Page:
Every February as we celebrate Black History Month, we remember the rich history of Black culture in America by honoring the struggles we’ve overcome and reflecting the goals we’ve realized. One thing that doesn’t enter the conversation as much as it could is the joy that’s carried Black Americans through many trials and tribulations. This year, queer photographer and entrepreneur Courtney Ramsey is changing that.
This month she launched her Black Joy! photo series, which features portraits of Black individuals posing with the things that spark joy in their lives. Each day has a different theme, such as “Black Artist Joy” and “Black Body Builder Joy.” After a taxing four years for the country, Ramsey wanted to show that, through it all, Black Americans have remained “resilient and positive. We have heart and we’ve maintained an inner joy that will always come through.”
After coming up with 60 possible themes, Ramsey reached out to friends and family within her pandemic bubble to pose for the photos. She took care to represent the “full range of the rainbow” by including straight and LGBTQ representation. “I want viewers of the series to see that you can be joyous in yourself and still keep moving. You can focus on the joy within yourself no matter what the times are,” Ramsey says of her goal.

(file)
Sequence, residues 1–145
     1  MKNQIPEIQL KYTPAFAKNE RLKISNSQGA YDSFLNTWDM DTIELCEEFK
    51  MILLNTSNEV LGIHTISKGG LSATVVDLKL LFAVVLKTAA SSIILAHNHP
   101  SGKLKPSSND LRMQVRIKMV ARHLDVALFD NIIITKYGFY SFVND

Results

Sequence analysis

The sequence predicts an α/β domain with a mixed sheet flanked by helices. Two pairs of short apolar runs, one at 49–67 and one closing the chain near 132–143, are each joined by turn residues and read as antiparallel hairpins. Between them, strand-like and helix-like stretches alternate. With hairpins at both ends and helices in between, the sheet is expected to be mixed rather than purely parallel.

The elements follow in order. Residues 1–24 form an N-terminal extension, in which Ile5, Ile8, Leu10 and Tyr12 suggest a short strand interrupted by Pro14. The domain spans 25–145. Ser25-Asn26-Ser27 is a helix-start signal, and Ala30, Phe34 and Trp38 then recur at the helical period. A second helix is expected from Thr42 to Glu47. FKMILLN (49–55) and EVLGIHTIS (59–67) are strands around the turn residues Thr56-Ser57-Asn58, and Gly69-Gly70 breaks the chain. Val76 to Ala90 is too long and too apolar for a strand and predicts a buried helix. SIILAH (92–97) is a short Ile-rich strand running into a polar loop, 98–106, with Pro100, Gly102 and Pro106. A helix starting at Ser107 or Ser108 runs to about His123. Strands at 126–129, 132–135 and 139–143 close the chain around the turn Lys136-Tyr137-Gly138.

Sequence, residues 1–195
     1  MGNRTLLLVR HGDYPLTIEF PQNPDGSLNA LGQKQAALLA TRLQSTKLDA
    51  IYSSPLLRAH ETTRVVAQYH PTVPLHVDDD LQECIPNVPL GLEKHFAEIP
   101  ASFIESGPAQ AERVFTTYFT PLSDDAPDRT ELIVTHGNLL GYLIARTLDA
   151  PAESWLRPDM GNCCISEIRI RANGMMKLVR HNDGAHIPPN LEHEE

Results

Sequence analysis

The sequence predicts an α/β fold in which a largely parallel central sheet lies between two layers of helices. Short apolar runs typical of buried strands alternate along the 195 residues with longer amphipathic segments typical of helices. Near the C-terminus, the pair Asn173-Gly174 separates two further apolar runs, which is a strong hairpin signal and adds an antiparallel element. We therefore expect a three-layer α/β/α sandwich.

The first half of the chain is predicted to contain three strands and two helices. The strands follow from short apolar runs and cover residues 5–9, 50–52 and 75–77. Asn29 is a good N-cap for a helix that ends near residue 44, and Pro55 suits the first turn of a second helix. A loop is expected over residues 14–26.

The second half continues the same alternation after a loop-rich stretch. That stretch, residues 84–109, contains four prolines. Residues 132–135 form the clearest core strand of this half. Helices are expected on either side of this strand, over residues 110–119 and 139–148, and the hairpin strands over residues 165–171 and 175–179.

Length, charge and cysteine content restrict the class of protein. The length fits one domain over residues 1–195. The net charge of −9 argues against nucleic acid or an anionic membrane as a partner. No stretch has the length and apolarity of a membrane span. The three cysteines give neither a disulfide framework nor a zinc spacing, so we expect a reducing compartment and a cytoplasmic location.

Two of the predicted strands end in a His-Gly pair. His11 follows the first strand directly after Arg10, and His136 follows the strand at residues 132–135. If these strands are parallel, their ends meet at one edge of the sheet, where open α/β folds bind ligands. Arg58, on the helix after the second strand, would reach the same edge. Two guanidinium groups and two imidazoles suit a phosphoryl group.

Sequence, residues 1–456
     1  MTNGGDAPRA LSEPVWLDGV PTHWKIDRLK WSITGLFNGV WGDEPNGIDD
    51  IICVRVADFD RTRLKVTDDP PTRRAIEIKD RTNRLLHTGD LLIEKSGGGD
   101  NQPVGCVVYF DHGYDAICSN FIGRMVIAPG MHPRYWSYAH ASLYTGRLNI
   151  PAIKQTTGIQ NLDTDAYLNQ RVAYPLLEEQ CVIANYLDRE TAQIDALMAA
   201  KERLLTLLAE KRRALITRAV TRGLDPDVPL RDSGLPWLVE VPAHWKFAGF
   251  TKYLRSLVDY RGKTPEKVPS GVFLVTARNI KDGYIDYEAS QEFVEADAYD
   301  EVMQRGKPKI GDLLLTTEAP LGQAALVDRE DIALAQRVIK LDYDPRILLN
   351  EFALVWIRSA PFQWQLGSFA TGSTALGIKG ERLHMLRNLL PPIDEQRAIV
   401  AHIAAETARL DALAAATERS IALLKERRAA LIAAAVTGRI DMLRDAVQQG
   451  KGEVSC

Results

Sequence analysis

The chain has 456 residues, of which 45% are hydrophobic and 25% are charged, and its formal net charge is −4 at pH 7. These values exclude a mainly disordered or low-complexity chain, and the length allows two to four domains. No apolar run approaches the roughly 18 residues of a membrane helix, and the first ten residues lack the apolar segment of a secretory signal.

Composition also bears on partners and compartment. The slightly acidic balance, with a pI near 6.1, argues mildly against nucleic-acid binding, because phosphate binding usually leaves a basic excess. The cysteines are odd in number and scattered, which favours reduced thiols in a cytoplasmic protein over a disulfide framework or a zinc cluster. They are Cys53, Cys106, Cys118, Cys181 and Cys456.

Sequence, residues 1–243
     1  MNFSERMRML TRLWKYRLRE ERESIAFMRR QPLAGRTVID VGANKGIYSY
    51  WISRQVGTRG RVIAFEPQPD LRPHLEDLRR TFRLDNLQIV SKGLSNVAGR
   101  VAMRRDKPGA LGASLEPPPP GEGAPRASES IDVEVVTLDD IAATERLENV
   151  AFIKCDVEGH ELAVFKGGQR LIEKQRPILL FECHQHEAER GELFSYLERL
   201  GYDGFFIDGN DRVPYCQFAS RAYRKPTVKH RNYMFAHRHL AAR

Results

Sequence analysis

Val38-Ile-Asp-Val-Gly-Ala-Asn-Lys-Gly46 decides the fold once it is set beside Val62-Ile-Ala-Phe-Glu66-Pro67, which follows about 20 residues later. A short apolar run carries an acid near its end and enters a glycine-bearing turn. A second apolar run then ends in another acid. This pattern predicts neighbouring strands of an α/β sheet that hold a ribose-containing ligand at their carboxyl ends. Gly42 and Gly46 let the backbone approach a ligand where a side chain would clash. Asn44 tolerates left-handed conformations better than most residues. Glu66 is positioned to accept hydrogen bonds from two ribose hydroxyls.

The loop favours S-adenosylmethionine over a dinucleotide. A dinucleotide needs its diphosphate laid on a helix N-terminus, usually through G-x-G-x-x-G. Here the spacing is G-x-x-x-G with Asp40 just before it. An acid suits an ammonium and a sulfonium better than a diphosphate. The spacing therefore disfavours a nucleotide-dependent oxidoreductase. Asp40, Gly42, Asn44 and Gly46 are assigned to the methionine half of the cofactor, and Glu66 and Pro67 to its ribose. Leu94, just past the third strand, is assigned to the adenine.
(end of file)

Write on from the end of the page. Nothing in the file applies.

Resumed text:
Ramsey is a shining example of this type of joy. The Black Joy! photo series perseveres despite a worldwide pandemic, extreme winter weather in Washington, D.C., and a terrorist attack on the Capitol. Ramsey made modifications each step of the way, ensuring that the project could continue. Her hard work is clearly worth it: she explains that the response from those featured has been positive. “People are excited to get out and interact. And these photos bring me joy too,” she says.
Ramsey’s business, Clicks by Courtney, primarily shoots weddings, events, and sports—all occasions that have been put on hold because of the COVID 19 pandemic. It’s a business she’s poured her heart and soul into building. She not only is a certified LGBTQ-owned business, but she also is a member of the Equality Chamber of Commerce DC Metro Area. And she does all of this on top of working a nine-to-five in IT.
As we discuss how she, like many others, has had to pivot her creativity during pandemic, Ramsey quotes a line from Psalm 30:5, “Weeping may endure for a night, but joy comes in the morning.” It’s a fitting personal mantra for a woman who lets the pursuit of joy guide her work.
Ramsey’s own words on joy are wise enough to be adopted as a mantra in their own right: “There is a piece of joy that is just waiting to be recognized. Within you, within your friends, within your family.” It’s a truth that Black joy ensures we won’t soon forget.
To learn more about Ramsey and her work, visit www.clicksbycourtney.com. You can also find her on Facebook and Instagram at @clicksbycourtney.